Facebook Must Ban Holocaust Denial
Vichy, France — I came here to see some of the historical sites related to French complicity in the Holocaust. There is a plaque on the Opera House, where the parliament met during World War II; it mentions only the 80 people who voted against creating a new government under the collaborator Maréchal Pétain. It omits the 569 who voted in favor.
The city completely whitewashes its role in the Holocaust. There is no museum, only a small plaque on the wall of a hard-to-find synagogue in an alley bearing the names of a fraction of the Jews who were deported from France. French Nazi-hunter Serge Klarsfeld placed his own plaque inside the Hôtel du Parc in 1990, the location of the Vichy government’s ministry of propaganda and other ministries. The plaque was defaced. In 2001, Klarsfeld got permission from the municipality to place a stone memorial facing Le Parc to memorialize 6,500 Jews deported from France to Auschwitz.
France is not unique among European collaborators seeking to erase their role in the greatest crime in history. But there can be no compromise when it comes to Holocaust memory. And that is why Mark Zuckerberg and Facebook’s attitude towards Holocaust denial is so disturbing.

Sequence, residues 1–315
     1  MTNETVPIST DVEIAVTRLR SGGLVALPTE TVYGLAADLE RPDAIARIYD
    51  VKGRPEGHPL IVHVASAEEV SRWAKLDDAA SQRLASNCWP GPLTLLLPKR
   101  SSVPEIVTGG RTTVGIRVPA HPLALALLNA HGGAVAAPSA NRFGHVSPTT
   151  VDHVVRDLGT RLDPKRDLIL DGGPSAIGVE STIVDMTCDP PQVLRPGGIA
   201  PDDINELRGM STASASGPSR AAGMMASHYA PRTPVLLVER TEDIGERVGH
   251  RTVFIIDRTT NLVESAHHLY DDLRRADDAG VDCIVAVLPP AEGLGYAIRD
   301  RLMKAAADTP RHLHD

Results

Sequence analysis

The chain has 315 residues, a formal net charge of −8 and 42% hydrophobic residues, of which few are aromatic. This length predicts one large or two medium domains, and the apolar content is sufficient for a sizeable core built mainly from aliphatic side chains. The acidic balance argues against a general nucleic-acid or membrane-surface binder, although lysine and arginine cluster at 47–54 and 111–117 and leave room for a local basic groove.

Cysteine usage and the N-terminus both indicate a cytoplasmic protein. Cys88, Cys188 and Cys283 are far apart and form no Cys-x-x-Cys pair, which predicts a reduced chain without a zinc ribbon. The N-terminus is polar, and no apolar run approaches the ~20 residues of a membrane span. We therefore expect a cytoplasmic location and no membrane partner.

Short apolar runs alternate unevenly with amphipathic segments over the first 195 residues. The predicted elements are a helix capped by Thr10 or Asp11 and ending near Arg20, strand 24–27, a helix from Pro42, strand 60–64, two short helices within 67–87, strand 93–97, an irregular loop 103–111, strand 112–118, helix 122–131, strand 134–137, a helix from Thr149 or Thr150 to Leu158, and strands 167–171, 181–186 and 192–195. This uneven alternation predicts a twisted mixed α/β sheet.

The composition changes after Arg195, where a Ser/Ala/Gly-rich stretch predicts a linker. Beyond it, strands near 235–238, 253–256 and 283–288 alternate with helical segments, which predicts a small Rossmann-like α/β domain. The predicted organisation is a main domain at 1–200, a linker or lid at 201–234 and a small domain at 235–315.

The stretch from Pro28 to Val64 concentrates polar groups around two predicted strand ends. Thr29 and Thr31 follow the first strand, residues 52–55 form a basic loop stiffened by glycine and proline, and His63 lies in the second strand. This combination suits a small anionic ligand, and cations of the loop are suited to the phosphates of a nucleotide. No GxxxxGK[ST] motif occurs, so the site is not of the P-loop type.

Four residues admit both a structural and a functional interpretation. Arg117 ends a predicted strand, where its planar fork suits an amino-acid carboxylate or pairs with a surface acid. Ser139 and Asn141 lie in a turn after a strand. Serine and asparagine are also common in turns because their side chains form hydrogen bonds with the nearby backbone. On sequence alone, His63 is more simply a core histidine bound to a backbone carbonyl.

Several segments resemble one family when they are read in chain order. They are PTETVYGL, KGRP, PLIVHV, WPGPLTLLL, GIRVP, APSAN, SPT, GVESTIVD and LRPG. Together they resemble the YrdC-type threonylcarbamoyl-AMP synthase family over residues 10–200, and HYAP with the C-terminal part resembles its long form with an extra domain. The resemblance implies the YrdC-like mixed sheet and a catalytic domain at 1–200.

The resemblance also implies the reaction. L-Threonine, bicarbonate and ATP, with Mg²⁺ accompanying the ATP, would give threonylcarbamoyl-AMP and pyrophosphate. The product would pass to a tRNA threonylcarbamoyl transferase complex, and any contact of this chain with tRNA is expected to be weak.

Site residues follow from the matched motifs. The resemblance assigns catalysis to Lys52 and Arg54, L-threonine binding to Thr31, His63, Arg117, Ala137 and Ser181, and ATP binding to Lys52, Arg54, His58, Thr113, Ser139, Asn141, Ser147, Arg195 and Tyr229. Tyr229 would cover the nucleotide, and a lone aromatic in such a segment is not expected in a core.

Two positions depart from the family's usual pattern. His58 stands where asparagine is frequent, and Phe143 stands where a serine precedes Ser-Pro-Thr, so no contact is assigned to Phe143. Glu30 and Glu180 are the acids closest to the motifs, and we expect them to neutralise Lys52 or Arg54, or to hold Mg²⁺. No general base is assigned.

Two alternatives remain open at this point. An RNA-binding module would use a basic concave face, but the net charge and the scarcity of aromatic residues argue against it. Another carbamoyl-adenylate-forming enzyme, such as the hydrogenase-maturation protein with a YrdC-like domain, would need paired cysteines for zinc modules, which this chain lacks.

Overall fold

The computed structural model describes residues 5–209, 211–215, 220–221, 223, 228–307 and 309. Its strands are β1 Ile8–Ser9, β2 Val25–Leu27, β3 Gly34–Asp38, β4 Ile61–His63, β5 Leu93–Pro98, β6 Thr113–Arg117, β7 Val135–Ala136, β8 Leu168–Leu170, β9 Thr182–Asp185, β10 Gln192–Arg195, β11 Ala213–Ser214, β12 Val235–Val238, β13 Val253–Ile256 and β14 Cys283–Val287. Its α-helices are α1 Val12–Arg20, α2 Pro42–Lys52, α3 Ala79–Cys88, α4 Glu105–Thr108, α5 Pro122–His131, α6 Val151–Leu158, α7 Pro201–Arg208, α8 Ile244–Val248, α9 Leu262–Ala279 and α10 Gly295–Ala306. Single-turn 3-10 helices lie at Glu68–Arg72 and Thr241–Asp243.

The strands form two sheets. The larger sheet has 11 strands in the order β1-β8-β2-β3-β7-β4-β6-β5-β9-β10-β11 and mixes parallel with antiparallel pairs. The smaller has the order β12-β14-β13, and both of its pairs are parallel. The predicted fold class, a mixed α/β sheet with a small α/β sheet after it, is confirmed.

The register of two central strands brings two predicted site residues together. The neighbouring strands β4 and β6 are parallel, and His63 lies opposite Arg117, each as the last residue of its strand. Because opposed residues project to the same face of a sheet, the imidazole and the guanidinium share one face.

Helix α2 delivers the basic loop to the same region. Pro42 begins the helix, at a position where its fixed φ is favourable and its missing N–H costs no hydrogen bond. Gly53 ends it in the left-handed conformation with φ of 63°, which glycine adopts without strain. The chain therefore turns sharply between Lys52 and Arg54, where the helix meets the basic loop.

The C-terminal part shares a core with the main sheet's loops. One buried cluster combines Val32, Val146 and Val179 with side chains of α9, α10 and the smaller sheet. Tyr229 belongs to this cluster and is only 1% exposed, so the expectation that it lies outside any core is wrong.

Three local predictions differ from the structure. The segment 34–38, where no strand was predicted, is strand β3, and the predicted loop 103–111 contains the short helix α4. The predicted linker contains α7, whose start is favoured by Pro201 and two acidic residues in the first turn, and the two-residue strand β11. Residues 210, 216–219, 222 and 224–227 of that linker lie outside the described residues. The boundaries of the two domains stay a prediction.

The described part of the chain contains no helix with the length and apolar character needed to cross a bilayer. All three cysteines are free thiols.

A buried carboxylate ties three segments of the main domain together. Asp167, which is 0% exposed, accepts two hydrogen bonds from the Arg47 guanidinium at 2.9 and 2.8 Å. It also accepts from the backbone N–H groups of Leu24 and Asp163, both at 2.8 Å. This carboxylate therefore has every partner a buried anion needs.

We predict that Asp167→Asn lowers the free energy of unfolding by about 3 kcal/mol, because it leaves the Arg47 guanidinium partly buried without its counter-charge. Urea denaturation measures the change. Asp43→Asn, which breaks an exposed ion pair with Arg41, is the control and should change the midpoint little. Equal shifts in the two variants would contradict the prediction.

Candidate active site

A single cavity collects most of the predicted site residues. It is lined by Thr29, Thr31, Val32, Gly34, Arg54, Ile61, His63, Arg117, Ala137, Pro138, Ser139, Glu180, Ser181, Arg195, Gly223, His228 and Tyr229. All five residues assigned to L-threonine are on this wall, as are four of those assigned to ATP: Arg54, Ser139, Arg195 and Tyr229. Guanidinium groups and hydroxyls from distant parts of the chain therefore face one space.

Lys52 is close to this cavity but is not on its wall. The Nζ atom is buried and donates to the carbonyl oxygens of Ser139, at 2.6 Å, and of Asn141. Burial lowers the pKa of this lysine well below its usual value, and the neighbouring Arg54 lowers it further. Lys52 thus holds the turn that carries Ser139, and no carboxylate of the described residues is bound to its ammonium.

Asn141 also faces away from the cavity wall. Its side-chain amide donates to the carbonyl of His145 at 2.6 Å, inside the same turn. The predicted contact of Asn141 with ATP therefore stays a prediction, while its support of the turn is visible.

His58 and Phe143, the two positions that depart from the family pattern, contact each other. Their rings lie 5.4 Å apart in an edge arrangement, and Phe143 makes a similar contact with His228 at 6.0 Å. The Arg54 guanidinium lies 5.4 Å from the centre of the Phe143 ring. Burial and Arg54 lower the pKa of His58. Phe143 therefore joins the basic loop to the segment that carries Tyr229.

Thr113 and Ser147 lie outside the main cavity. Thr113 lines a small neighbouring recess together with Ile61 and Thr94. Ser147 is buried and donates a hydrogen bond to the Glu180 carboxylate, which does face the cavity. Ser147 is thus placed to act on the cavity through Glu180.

Social media has many useful and valuable qualities, but it also is used for nefarious purposes. Facebook, in particular, has become the home of antisemites, racists, and other vile individuals who promote hatred. We depend on the people who run Facebook and other platforms to police them. However, it is clear that they are failing. Consequently, I was happy to hear Mark Zuckerberg say that Facebook would ban posts calling for violence. Unfortunately, he followed that up by saying that Facebook would not ban Holocaust denial.
I can understand how difficult it is to monitor more than two billion users of Facebook, and to determine what is offensive without constraining free speech. However, certain cases are no-brainers — such as using the “N word” in racist posts, or homophobic posts attacking gay people. Holocaust denial falls under the same category.
Zuckerberg, however, said in an interview with Recode’s Kara Swisher that while he finds Holocaust denial “deeply offensive,” he doesn’t believe its proponents should be banned from Facebook. “At the end of the day,” he said, “I don’t believe that our platform should take that down because I think there are things that different people get wrong. I don’t think that they’re intentionally getting it wrong.”